(Posted by guest blogger, James Taylor)
As I talk to more companies adopting EDM (and more companies delivering it), it is increasingly clear that the role of adaptive control cannot be understated. Simply put, adaptive control is the systematic testing of alternative approaches to decision making on a continual basis. This generally means setting up a decision with a "Champion" approach and then randomly selecting a small percentage of those transactions to use a different "Challenger" approach instead. Thus most transactions get the approach expected to be the best but a few get alternatives. The explains why adaptive control is often called "Champion/Challenger".
Adaptive control allows both randomized testing to see which of several alternatives might work best when there is no way to know in advance while also allowing potential alternatives to be (reasonably) safely tried when results cannot be assessed without real transactions and real consequences. Regular and robust use of adaptive control also allows organizations to spot when existing approaches are losing their efficacy and to detect sudden or hidden changes in the environment that affect customer behavior.
While it is fairly common to see adaptive control in the analytic space, it is less clear to see it when rules are being applied. This makes sense, to some degree, because many rules-based decision automation projects are compliance-focused. Clearly if the rules are driven by regulations and policies, then trying out alternative approaches is counter-productive - only one approach can be "right" and there is no ambiguity. If, however, the rules are judgmental and based on how the organization thinks customers might respond, then adaptive control can make just as much sense as it does when trying alternative predictive analytic models.
Getting started with adaptive control need not be a terribly complicated process. The first, and perhaps the most problematic step, is to agree what it is that measures the success of a decision and over what timeframe. Is it just customer profitability or some combination of profitability and retention? Should retention be measured in months or years? How much is it worth to us to have a customer accept this particular set of terms and conditions for a product? Without agreement on this it will be impossible to meaningfully compare approaches so it is really important not to skip this step. Decide what matters to you and how you can measure it.
The next step is one of using an existing performance management environment or dashboard to track the effectiveness of the decision in the now defined terms. At this point you will always be using the same approach for every transaction/customer so no comparison will be possible but you will get an understanding of what measures matter and how they can be effectively displayed/tracked.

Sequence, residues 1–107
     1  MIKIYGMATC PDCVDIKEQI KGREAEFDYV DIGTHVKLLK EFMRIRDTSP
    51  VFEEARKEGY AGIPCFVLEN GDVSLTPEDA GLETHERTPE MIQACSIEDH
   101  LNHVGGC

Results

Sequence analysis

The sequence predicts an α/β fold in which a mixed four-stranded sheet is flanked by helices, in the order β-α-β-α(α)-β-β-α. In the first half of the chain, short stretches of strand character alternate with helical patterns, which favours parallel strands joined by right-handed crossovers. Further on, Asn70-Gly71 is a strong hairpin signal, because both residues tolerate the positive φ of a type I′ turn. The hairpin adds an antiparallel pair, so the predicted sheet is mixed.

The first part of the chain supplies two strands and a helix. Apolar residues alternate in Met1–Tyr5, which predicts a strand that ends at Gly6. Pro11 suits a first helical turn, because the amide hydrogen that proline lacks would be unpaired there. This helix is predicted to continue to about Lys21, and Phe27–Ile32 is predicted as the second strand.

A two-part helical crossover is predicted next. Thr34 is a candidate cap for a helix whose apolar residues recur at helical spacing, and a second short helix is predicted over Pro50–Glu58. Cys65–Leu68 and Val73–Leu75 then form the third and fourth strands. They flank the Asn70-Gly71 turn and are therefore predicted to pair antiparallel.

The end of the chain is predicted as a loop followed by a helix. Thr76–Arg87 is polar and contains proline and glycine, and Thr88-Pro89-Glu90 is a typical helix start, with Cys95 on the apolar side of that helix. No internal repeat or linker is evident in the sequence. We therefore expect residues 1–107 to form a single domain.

Once you now how well a decision is going, you can start to add adaptive control. This means doing several things in a coordinated way:
- Recording which approach is taken for each transaction/customer
- Adapting the reporting infrastructure to both show the overall results and allow comparison by approach within those results
- Adapting your decision service to choose randomly between multiple approaches and configuring it so that business owners can determine what percentage of the transactions will go through each approach. Any Business Rules Management System will handle this kind of change easily.
My advice would be to use the same approach initially for the champion and for how ever many challengers you want to be able to manage. This will allow everything to work and be tested without putting any transactions through a different approach - all the approaches will be the "champion". With all the infrastructure working you can start to design alternative approaches to act as challengers. This should start small - very minor differences from the champion - that perhaps move thresholds a little or challenge a long-held and oft-tested assumption. As you gain more confidence with the approach you can get more ambitious, though most challengers are not that different from the champion.
To try and explain the concepts visually, Rebecca Carrer developed a great flash animation. You can access it on her website at www.rhcvisualwriting.com - a list of examples appears on the right and the adaptive control movie is the first one. I really like the work Rebecca did on this and the animation is certainly easier to understand than static diagrams.
For more information on adaptive control, check out these links.
- Posts on the EDM blog
- My entry on Adaptive Control in the SmartEnoughWiki
- The more general wikipedia entry.